the next meeting if Lubbock Methodist approves it.

The two entities have signed a "letter of intent" to enter
into the contract, which would become effective when
Quorum's contract ends.

Andris complimented the board for filing suit against Dr.
Eunice Anderson to recover more than $104,000 advanced to
her when she opened a pediatric practice here, then closed
it before her contract expired.

Former administrator Carolyn Riley was in 143rd District
Court when District Judge Bob Parks ruled in the hospital's
favor and ordered Anderson to pay the full debt, plus
attorney's fees.

Dr. James Cam said that two radiologists are interested in
establishing a practice here, purchasing their own equipment
for mammography and offering mobile MRI services to
surrounding towns, such as Fort Stockton and Kermit.
"That are qualified and willing to get some equipment out of
their own funds," Cam said.

Lowery asked who would own the equipment and how much it
would cost the hospital to house and provide electrical

Cam said the doctors would own the equipment.

"What the board would have to look at is the amount of space
required," said
Garcia. "We have talked about this previously, and it wasn't
favorable at the time. We can take a look at the legality of
this. Before we can okay this to come in, we would have to
talk to our plant engineer and get some expenditures."

The board agreed to meet only once in December, setting the
date for Dec. 19.
Riley reported that Harrell Connelly is preparing to assume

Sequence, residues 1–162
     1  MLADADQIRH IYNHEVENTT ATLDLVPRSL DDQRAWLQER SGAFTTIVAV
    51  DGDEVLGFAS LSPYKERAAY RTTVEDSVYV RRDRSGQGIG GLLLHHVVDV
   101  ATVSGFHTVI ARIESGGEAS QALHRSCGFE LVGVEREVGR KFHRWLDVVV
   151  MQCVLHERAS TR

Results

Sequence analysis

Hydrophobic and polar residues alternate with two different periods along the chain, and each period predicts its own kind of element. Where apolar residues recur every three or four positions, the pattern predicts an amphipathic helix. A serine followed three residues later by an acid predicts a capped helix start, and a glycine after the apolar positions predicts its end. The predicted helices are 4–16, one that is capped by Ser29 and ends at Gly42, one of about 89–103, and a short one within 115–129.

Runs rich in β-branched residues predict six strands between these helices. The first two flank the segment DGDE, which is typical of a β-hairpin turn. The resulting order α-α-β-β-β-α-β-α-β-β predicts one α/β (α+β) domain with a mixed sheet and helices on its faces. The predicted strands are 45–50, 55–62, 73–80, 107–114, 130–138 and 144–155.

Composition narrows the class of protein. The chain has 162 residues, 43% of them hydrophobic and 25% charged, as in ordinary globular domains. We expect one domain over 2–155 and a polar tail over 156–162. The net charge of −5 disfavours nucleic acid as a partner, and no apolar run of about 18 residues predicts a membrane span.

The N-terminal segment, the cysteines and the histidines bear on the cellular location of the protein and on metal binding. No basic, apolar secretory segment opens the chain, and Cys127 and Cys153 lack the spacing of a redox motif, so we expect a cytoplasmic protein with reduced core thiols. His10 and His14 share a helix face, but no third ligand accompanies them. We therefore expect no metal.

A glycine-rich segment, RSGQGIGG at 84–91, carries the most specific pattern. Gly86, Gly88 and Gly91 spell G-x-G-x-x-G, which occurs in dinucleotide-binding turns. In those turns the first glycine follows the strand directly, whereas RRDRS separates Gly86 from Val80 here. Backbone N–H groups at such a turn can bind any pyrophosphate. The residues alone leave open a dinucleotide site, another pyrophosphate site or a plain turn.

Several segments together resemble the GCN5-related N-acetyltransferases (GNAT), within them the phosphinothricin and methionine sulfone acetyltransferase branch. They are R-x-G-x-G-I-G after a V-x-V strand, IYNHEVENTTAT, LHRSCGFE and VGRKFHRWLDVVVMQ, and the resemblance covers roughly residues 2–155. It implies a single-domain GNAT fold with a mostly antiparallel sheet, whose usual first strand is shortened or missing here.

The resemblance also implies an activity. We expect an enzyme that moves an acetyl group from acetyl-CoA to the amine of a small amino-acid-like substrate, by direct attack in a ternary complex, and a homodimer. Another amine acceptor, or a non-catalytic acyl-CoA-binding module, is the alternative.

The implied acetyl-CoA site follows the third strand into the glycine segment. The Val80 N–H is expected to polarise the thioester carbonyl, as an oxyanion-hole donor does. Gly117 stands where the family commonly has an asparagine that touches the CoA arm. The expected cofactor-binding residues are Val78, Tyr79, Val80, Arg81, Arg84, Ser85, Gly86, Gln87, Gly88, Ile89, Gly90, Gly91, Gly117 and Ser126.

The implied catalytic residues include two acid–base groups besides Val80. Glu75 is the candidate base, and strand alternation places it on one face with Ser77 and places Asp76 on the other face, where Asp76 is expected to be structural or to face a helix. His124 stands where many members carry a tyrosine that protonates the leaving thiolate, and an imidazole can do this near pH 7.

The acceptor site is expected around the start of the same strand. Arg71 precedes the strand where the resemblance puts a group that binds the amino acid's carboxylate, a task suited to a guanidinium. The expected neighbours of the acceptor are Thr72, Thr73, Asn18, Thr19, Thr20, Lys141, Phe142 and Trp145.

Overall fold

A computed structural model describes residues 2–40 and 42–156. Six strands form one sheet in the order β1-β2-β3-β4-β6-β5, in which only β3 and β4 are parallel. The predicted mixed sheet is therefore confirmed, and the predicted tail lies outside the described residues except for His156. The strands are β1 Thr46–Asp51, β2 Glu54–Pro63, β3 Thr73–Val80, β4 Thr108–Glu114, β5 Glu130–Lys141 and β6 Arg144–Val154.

the duties of interim administrator on Dec. 4 for Quorum.

"He has been supplied with copies of my monthly reports,
miscellaneous memos, and newspaper articles, board by-laws,
medical staff by-laws and personal policies and procedures,"
she said in her written report. "Additionally we have had
several lengthy conversations regarding the status of the
hospital. I anticipate that he will be well prepared."

Brookshire says fire was accidental

Staff Writer
PECOS, Nov. 29, 1995 - A Saturday fire that sent one
volunteer fireman to the hospital has been ruled accidental,
according to Fire Marshal Jack Brookshire.

"The cook stove was left on with one of the burners covered
with a metal plate and the fire was ruled accidental," said
Brookshire in his report on the fire. "I spoke with the
owner of the residence located at 815 South Mesquite, Mary
Gallegos, who advised me that at the time of the fire she
had turned on three of the burners on the stove to warm the
house and left the residence for a while."

Brookshire's report states that when Gallegos returned to
the house she could smell smoke and when she opened the door
to the residence she noticed that the kitchen was on fire.

"While investigating the fire, I noticed that the three
burners that were left on were the two front burners and the
back left burner. The back left burner appeared to have
about a ten inch round metal plate covering the burner, just
to the left of the stove there was a metal cart with plastic
containers on the cart," said Brookshire.

He added that the covered back burner apparently became hot